• Wally asks HR to train him in how to use his newfound speed. HR refuses, saying if he trains him and the others found out, "he'd be gone faster than humor in a Liam Neeson movie." Apparently there's a Liam Neeson on Earth-19 too.

• The episode's best interaction was between Supergirl and Heat Wave, of all people.

Supergirl: "How did you get the name Heat Wave?"
Heat Wave:
"I burned my family alive, and I like to light things on fire."
Supergirl:
"Aah. Well, that's a... colorful backstory."
Heat Wave: "Well, my shrink thinks so."

Supergirl (seeing the President inside a warehouse): "Yep, he's in there."
Heat Wave: "How do you know that?"
Supergirl: "I can see him. Oh, I have X-ray vision."
Heat Wave: "Oh. You can see everyone's bits with those little peepers, huh?"
Supergirl (flustered): "No, I... "
White Canary: "Ignore him."

• Heat Wave decides he's not going to call Supergirl by her name.

Heatwave: "By the way, I'm not gonna call you Supergirl. It's stupid."
Supergirl: "You could call me Kara."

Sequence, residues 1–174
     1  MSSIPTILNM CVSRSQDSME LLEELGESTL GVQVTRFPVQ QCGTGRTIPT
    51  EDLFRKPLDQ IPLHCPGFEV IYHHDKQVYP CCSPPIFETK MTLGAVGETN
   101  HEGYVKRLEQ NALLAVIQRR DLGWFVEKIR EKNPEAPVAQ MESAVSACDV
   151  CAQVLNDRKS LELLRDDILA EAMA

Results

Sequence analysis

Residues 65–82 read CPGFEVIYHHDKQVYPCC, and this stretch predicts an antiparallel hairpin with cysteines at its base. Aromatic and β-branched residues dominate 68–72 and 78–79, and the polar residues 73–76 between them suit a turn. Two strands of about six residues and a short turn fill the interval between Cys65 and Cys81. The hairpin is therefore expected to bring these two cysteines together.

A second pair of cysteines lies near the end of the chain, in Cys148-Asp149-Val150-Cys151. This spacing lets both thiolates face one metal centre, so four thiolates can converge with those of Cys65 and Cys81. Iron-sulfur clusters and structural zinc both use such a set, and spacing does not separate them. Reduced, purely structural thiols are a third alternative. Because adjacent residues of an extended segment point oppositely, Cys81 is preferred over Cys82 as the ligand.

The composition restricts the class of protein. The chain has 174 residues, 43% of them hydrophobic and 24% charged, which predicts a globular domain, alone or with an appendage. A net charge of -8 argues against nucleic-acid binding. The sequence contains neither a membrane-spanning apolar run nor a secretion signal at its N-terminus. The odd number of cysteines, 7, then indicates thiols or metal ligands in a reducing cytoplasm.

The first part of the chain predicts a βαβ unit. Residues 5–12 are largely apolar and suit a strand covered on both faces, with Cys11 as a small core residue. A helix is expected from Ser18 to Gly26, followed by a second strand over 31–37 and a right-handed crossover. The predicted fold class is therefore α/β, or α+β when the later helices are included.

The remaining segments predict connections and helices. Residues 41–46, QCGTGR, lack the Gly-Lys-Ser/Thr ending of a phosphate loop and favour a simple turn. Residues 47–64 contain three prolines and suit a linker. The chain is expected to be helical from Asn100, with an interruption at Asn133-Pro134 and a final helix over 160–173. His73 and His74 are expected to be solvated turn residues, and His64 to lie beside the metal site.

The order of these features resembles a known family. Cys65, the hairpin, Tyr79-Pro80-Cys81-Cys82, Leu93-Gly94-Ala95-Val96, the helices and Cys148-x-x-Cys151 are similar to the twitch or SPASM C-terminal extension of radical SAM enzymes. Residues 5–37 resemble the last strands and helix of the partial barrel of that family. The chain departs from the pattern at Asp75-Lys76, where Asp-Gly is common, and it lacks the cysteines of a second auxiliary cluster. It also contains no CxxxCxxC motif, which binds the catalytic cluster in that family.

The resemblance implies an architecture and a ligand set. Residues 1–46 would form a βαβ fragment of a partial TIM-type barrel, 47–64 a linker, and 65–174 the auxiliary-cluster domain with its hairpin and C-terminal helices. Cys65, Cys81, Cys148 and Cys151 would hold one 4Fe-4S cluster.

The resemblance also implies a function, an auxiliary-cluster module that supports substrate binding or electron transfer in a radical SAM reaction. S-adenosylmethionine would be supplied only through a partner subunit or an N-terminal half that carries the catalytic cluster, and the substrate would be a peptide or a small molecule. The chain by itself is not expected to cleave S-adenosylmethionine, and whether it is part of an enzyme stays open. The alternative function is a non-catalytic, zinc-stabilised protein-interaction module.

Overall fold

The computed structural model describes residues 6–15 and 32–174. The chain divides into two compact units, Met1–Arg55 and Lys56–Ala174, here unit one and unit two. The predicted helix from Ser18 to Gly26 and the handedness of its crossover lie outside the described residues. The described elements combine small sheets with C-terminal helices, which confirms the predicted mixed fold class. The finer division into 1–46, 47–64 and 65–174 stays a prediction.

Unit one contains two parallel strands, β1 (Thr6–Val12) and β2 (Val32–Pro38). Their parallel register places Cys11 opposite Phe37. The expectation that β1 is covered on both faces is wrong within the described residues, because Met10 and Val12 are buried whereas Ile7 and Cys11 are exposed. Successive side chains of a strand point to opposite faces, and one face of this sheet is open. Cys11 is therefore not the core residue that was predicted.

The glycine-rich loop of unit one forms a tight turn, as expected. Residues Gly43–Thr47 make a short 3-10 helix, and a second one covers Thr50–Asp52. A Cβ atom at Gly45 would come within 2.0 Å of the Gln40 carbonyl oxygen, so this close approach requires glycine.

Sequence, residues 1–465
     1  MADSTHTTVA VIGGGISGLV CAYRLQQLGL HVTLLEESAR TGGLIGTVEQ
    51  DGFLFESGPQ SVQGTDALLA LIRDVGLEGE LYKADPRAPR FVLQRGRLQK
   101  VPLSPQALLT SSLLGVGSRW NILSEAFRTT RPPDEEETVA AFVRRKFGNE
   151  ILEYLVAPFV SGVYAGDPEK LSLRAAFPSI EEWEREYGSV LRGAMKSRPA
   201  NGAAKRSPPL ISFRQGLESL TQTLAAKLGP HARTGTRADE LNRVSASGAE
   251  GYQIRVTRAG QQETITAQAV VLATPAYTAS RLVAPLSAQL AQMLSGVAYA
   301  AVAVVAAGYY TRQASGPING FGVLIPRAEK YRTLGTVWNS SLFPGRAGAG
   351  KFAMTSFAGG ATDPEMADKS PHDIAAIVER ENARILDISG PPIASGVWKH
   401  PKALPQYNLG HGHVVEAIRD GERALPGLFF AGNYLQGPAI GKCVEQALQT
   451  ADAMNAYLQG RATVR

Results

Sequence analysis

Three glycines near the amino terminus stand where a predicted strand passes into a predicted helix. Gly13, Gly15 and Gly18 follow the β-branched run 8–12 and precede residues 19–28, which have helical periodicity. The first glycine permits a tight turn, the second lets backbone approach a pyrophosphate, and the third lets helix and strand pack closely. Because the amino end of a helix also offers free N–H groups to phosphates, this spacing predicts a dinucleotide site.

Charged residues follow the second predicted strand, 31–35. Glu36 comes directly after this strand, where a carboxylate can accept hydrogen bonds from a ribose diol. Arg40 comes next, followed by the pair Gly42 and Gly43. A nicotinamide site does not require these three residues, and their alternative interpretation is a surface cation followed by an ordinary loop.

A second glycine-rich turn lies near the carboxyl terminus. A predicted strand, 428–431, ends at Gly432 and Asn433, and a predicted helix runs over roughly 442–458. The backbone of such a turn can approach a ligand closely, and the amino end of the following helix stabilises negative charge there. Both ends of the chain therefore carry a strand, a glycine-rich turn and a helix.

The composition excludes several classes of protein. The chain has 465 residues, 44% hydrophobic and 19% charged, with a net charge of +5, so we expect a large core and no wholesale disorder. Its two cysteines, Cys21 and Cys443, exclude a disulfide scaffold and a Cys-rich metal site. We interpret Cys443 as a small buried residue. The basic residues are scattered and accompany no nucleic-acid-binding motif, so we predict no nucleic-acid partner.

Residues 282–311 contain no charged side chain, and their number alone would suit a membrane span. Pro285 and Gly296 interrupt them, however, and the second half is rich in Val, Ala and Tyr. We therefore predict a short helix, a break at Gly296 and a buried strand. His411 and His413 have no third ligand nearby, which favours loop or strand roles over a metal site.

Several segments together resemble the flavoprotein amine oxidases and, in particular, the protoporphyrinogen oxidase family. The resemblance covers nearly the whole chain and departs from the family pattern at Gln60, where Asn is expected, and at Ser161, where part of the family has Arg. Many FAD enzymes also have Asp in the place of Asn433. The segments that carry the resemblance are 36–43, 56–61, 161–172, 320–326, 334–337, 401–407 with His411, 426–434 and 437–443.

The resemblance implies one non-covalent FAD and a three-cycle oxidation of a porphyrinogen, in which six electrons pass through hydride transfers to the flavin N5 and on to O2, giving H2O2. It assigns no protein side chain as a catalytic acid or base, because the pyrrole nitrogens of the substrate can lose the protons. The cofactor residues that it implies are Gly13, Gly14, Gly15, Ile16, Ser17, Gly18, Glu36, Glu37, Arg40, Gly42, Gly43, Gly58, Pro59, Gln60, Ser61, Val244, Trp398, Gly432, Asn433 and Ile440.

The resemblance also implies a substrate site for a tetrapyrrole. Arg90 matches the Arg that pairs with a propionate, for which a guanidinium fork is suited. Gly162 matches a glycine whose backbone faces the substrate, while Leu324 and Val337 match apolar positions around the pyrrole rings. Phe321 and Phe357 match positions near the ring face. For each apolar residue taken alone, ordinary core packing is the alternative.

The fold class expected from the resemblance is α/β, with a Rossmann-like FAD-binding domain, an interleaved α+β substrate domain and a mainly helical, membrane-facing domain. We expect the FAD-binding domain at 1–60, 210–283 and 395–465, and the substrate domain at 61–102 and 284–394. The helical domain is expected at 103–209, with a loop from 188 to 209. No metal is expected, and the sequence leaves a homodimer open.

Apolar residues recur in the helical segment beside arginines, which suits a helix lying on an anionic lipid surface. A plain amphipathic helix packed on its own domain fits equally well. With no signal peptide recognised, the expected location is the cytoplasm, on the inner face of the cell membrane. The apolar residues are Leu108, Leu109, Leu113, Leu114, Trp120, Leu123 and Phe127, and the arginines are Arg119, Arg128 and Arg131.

Heatwave: "That won't work either."
Supergirl: "Well, what're you gonna shout if you need my help?"
Heatwave: "Skirt."
Supergirl: "Seriously?"
Heatwave: "Seriously. But I'm not gonna need your help."

Predictably, several seconds later the Dominators attack, and Heat Wave yells, "Supergirl, do something!"

I knew the second he said he wasn't ever going to call her "Supergirl" that he'd end up doing so before the episode was over. It's called "set up," folks!

• The most puzzling (and frankly stupid) part of the entire episode was the attitude of the other heroes when they found out that Barry had altered the timeline. Oddly enough it's the Legends Of Tomorrow in particular who rip into him, lambasting him for committing such an irresponsible and selfish act.